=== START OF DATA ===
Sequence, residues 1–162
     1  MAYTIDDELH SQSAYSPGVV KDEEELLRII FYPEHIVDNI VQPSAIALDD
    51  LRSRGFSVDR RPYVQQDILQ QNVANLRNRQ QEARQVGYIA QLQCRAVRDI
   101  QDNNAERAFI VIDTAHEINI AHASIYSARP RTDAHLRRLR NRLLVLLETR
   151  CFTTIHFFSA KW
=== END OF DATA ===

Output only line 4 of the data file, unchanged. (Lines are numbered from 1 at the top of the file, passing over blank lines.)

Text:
   101  QDNNAERAFI VIDTAHEINI AHASIYSARP RTDAHLRRLR NRLLVLLETR